Brownback, no longer in Kansas, has ‘big’ plans as religious freedom envoy

- Mei 28, 2018

As a senator in 1998, Sam Brownback helped push through the law that created the role of the U.S. ambassador for international religious freedom.

Twenty years and a controversial governorship later, the Kansas Republican now occupies that position, which oversees the annual State Department report on atrocities, discrimination and other ills visited on people of faith overseas.

He plans to take advantage.

In a recent interview with POLITICO, Brownback vowed to move the report beyond its traditional “name-and-shame process,” which he said hasn’t “had broad success,” and to more closely track what happens after the report is released. Brownback also wants to convince global policymakers that promoting religious freedom can reduce terrorism and boost the economy.

“There is a direct correlation,” he said.

Brownback said pieces of this plan will be unveiled Tuesday as part of a “big announcement” to coincide with the scheduled unveiling of the latest religious freedom report, which Secretary of State Mike Pompeo will spearhead.


Brownback, a convert to Catholicism who also frequented an evangelical church, has been in this new job for four months. It’s a job he barely got. Senate Democrats uniformly opposed his nomination, and Vice President Mike Pence had to cast a tie-breaking vote.

Democrats were unsatisfied with Brownback’s answers on LGBT issues, saying he wasn’t unequivocal enough that religious rights don’t trump the right to be free from discrimination on the basis of sexual orientation.

Some lawmakers and activists also worried that Brownback would prioritize the safety of Christians above that of other vulnerable groups abroad. As governor, Brownback signed a law that effectively barred state courts from taking into account Islamic, or sharia, law, when making decisions. He also joined other Republican governors in trying to bar Syrian refugees from being resettled in Kansas.

At the same time, Democrats were keenly aware that Brownback is a polarizing political figure. The tax cuts Brownback supported during his time as Kansas governor have been blamed for the state’s severe financial woes in recent years. Many deemed it a Republican fiscal experiment gone awry.

But now, with the confirmation fight behind him and far from the red-state politics of Kansas, Brownback appears relaxed and eager to tackle a new challenge. He dismisses concerns that he’ll prioritize one religious group over another.

“Religious freedom is my top priority. Every religion. Or no religion at all,” he says. “You’ve gotta be dogged about that. This is about protecting the right. It’s not about favoritism.”

He also downplayed his record on gay rights, echoing Pompeo in insisting that the State Department is “committed to defending the human rights and dignity of all persons.”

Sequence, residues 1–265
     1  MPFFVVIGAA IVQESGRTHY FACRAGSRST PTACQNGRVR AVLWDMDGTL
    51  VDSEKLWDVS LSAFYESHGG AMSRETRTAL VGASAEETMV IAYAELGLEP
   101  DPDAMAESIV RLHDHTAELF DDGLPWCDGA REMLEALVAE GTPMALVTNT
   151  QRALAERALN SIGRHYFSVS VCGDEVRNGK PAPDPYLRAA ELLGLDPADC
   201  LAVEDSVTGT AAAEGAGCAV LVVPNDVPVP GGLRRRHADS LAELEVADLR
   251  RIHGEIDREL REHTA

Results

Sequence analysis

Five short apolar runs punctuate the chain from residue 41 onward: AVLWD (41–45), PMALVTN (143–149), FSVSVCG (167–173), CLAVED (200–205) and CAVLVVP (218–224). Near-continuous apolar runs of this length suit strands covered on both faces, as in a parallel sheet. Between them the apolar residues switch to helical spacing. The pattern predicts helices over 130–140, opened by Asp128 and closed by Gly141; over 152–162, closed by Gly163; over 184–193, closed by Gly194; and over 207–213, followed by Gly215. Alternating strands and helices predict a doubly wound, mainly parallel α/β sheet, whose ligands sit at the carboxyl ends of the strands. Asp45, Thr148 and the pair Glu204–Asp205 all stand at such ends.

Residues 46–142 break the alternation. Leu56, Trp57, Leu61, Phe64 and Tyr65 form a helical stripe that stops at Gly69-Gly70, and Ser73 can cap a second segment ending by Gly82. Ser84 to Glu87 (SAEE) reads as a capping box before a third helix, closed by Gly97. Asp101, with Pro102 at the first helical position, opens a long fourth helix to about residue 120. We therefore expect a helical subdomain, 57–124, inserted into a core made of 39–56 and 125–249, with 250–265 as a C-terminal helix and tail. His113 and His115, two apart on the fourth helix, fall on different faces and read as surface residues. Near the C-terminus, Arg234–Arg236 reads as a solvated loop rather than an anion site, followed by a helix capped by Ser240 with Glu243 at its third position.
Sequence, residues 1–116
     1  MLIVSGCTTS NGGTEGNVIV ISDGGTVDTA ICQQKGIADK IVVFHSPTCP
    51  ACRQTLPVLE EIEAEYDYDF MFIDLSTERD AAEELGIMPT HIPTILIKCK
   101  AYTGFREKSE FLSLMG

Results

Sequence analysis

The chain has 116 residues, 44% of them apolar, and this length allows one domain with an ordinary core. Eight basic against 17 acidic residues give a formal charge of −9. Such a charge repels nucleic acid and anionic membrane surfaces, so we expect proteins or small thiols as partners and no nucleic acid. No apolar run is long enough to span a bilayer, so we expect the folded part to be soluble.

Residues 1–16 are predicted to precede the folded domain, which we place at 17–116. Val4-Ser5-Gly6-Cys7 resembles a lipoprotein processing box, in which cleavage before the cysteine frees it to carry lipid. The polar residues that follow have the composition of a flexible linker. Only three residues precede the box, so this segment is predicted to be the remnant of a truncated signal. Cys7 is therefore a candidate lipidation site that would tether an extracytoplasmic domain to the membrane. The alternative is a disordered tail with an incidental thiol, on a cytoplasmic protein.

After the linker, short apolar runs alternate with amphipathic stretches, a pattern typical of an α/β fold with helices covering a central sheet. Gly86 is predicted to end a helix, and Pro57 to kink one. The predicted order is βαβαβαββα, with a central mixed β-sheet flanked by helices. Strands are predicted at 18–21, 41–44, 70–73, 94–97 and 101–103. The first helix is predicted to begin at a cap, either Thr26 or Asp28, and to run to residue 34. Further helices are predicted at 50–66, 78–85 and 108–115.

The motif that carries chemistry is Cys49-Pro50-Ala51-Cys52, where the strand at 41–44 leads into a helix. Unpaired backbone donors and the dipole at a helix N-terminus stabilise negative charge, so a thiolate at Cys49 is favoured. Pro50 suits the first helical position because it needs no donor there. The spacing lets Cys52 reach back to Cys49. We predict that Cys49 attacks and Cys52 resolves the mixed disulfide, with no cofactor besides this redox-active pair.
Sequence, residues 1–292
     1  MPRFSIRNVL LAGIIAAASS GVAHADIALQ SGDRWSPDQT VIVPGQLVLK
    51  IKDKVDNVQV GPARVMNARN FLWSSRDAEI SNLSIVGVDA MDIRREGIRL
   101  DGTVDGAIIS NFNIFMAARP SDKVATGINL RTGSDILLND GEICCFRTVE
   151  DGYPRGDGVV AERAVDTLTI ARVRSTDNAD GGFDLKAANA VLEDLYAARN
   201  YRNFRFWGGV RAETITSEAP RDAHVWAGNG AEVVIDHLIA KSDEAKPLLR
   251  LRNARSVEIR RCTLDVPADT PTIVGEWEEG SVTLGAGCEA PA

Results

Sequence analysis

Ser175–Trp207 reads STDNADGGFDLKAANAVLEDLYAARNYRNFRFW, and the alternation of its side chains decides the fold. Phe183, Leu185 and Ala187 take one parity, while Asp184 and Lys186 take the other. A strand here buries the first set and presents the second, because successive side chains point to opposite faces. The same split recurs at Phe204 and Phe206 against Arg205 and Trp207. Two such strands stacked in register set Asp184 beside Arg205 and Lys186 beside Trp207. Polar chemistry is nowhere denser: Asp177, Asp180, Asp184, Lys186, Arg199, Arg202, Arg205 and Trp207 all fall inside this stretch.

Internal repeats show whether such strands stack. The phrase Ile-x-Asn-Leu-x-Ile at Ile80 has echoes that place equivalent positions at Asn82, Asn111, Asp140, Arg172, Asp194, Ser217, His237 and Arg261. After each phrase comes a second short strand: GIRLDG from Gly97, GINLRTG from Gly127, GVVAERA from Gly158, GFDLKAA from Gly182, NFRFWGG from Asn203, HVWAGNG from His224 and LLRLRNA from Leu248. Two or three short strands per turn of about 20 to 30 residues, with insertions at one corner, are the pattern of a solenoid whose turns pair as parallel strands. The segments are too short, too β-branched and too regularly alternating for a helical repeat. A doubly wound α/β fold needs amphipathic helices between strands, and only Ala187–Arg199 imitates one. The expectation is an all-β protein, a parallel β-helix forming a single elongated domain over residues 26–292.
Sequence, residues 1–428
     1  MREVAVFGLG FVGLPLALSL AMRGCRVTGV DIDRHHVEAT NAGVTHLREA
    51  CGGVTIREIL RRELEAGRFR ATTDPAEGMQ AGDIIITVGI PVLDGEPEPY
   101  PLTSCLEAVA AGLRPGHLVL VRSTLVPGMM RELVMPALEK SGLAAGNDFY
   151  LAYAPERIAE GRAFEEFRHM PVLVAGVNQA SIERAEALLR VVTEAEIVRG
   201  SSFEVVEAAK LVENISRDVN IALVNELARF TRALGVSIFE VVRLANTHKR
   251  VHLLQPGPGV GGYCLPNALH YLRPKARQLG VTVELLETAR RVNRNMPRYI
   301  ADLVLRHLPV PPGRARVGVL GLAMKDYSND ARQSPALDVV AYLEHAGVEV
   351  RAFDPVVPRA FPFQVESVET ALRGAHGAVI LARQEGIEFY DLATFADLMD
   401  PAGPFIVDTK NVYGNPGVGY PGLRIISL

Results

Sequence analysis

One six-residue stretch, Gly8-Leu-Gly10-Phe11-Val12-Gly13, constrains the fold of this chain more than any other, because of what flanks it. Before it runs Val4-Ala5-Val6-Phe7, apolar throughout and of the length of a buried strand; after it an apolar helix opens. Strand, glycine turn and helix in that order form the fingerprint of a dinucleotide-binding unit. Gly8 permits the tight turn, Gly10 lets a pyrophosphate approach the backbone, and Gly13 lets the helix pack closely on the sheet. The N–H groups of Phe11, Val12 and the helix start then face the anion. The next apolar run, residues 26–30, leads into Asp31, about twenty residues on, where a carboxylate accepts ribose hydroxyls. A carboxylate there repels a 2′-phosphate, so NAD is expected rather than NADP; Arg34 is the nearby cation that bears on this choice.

On his first overseas trip, in mid-April, Brownback visited Turkey and Bangladesh.

In Turkey, he attended the trial of American Christian pastor Andrew Brunson, whom the Turkish government has accused of links to a group alleged to have staged the failed 2016 coup attempt in the country. (The increasingly authoritarian Turkish government has accused tens of thousands of people of ties to the unsuccessful coup.) Brownback is urging Turkey to clear and release Brunson, who has lived in the Muslim-majority country for more than 20 years.

In Bangladesh, Brownback heard heartbreaking accounts from Rohingya Muslims fleeing an extraordinary military crackdown by Myanmar’s Buddhist-dominated army. Since late August, around 700,000 Rohingya Muslims, more than half of them children, have fled Myanmar for Bangladesh.

The Trump administration has already declared Myanmar’s actions against the Rohingya an “ethnic cleansing,” but U.S. officials are still researching the issue, and there’s a chance America will declare the crisis a “genocide.” That label, depending on how U.S. officials choose to interpret international law, could require more U.S. effort to protect the victims.

Brownback declined to say whether he would recommend that Pompeo label the crackdown a genocide. However, he repeatedly said the crisis is “the worst I’ve seen,” noting that he’s looked into past tragedies, including what the U.S. ultimately called a genocide in Sudan’s Darfur region.

“It’s the most thorough actions taken by a government I’ve witnessed in the world,” Brownback said of the Rohingya crisis. “When these things happen, the earth should shake. There should be substantial consequences.”


Brownback chuckled and dismissed the notion that he took his new diplomatic role to help rehabilitate his reputation after his much-criticized stint as governor, which ended Jan. 31. He blamed the fall in commodity prices — including oil — for much of his state’s financial problems. He had less than two years left in his second term as governor anyway and said he felt like a lame duck.

Of course, there’s also the challenge of working for Trump, a man who proposed barring all Muslims from entering the United States during his presidential run.

Brownback, however, defended Trump, saying the president has moved away from such campaign talk. He also cast Trump’s executive orders barring citizens of several Muslim-majority countries from the U.S. as being driven by security concerns, not religious bias.

More than anything, Brownback praised Trump’s desire to shake things up in Washington.

“He’s a man of action,” Brownback said. “He will do things. He will move.”


 

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